Monday, May 26, 2008
On Sunday I invited a few people over to my place for a "mystery breakfast". The mystery was what the breakfast was for. There was apparently a lot of speculation over what it could be. As soon as everybody had arrived, however, I announced the answer. It was held for two reasons: 1) As a birthday bash for Jenny, who turns (somewhere in her '50s) on Tuesday. 2). To celebrate my restoration (at absurd expense) of most of the windows in my old house to their original form. The house originally had casement windows throughout but someone before I bought the house had replaced some of the casements with sliding aluminium windows -- which was very out of keeping with a 1930s style "Queenslander" house.
There are two common traditional patterns in Queensland for the coloured glass in the quarterlights of casement windows: One with all amber and another with alternating red and green. I put all amber down one side of my house and red/green across the front, as I like both patterns. For the benefit of any non-Queenslanders who come by here, below is an illustration of some casements without any colours in their quarterlights.
In attendance at the breakfast were Jenny, Anne, Ken, Maureen, Jill, Lewis, Henningham and Helen.
Anne prepared a marvellous Bircher muesli for starters and we also had lots of cold meats and bread in the Northern European style. We ate out on the verandah with a bright winter sun shining in. It was very pleasant. Several of the people present had recently been on visits to Austria and central Europe so a lot of the conversation centred on that -- and on travel generally.
Below is a picture of the verandah. As you can see, I have not yet defeated ALL the aluminium windows in my house. Festina lente
A little joke I had centred around a black octagonal dinner plate that I had found downstairs. It had apparently been left behind by a departing tenant. I happened to know that Jill had an octagonal dinner set which she very much liked so as soon as she arrived I presented her with her own special black octagonal dinner plate for her to use during the breakfast. She got the joke immediately and I afterwards insisted that she take the plate home with her to add to her collection.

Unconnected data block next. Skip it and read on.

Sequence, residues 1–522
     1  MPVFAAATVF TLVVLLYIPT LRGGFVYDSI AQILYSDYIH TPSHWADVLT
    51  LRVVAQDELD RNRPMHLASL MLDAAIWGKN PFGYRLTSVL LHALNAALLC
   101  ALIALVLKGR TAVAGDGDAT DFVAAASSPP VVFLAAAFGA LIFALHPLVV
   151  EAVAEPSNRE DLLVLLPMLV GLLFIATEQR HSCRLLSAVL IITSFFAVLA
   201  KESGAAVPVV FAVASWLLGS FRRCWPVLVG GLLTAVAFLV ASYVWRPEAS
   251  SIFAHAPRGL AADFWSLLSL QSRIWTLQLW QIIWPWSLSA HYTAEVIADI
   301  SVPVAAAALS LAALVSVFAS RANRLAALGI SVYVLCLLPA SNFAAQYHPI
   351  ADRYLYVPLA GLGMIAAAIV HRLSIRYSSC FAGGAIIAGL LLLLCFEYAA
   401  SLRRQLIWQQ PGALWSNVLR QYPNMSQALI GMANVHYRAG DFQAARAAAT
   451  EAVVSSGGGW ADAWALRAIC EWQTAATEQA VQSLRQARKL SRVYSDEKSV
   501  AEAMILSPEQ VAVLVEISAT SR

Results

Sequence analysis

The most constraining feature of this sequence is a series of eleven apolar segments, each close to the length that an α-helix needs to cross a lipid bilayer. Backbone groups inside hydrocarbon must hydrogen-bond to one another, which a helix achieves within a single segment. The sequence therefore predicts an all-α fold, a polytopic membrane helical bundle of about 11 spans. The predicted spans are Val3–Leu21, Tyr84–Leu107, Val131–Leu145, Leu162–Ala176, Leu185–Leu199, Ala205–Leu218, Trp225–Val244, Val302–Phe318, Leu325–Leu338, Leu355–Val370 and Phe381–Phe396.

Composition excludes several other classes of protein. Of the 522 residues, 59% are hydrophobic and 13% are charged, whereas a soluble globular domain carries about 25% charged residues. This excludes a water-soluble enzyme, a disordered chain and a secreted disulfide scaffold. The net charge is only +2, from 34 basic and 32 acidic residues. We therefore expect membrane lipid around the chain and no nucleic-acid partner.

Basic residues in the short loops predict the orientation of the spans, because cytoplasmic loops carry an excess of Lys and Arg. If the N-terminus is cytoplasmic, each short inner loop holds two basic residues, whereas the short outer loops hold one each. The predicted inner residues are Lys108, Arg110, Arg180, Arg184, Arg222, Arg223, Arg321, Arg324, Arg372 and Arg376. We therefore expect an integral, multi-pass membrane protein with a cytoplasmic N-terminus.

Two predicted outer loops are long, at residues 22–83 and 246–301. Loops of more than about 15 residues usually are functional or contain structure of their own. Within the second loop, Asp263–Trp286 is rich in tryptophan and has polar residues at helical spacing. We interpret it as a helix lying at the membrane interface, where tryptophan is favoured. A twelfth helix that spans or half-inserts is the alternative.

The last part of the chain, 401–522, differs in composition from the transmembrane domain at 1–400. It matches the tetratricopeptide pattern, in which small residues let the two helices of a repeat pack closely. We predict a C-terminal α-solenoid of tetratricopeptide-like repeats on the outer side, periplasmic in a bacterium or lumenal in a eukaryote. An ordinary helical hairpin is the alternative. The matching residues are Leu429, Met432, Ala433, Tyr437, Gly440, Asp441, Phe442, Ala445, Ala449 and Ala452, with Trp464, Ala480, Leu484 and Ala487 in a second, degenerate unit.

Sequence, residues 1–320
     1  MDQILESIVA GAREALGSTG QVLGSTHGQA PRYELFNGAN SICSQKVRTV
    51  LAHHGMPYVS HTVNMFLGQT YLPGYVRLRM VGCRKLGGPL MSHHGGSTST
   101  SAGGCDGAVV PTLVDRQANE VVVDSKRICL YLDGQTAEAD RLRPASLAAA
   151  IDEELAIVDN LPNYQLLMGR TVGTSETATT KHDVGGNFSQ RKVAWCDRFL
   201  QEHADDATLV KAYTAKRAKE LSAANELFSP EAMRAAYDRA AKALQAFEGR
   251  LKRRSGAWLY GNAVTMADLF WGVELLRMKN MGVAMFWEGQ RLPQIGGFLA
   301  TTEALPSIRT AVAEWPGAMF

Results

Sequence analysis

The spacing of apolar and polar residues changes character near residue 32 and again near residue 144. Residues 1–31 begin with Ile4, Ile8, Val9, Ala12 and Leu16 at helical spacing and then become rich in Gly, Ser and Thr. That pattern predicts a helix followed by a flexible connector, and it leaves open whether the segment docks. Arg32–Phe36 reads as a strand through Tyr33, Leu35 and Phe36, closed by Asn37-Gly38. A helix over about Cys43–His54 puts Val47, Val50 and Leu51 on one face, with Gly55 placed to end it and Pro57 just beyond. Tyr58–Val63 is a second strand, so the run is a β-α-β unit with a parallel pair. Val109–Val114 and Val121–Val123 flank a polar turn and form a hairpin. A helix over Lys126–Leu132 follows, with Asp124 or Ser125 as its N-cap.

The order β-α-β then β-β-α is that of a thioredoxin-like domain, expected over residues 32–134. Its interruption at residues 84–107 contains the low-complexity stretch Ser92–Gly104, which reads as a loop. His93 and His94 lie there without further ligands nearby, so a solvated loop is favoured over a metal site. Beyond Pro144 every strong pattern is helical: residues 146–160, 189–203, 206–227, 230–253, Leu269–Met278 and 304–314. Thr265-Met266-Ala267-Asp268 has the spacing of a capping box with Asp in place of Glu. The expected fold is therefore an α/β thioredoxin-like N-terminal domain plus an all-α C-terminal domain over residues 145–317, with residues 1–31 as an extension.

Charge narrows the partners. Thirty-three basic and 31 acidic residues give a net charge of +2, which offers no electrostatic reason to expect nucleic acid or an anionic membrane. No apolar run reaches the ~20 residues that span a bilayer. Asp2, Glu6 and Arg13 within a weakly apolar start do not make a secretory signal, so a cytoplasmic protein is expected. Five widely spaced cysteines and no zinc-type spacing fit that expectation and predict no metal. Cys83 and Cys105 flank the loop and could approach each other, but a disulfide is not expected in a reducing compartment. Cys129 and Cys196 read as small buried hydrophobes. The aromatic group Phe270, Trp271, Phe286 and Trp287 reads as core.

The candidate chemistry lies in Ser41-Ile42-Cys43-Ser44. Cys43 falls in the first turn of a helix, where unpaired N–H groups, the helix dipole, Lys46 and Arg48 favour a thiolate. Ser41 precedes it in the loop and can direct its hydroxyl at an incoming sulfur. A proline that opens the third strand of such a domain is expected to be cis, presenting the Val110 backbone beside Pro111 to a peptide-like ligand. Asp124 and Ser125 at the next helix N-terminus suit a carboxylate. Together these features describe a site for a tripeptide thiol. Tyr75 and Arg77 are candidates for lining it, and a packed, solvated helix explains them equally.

Some of the people present seemed very favourably impressed by my amber-quartered casements and Helen particularly liked all the brass and copper fittings I have on both my windows and my doors. I was rather glad about that as I had Jeff over the day before to do various cleanup jobs, with buffing up all the brass being a big part of that. Ken in his usual way thought that all my casements, brassware etc was a lot of nonsense. Ken has always strongly favoured new things over old things. De gustibus non disputandum est.
Thursday, May 22, 2008
The photo below is (left to right) of my niece Katie, my brother Christopher and my sister Roxanne. My sister Jacqueline was also in the original photo but she is terminally ill with the family illness (breast cancer) and not looking good at all so I think I am being respectful in cropping her out of the photo below. Katie is the daughter of Roxanne.
Taken a few weeks ago
Sunday, May 18, 2008
Anne came over early and made us a breakfast of cevapi and eggs. Then we went to church. It must be over a year since I had been to Ann St Presbyterian and I like to visit there once in a while. For both Anne and me it is our old church and I get a good feeling when I go there. Ann St is Brisbane's street of churches. The magnificent Anglican cathedral is there plus two Presbyterian churches, one Methodist church, the Salvation Army City citadel and a rather grand Masonic hall.
Ann St Presbyterian church would puzzle a Catholic. It is completely unornamented inside -- no "graven images", as befits an old "Wee Free" church. It does however have the most beautiful woodwork throughout.
And it was quite full! The old church was still gathering people to it. It obviously has good outreach activities. And there was even a baptism of a little baby. Very pleasing to see. One hears a lot about empty churches these days but ones that stick to preaching the gospel of God's love still do well. There were people of all ages present, but with a weighting towards grey heads.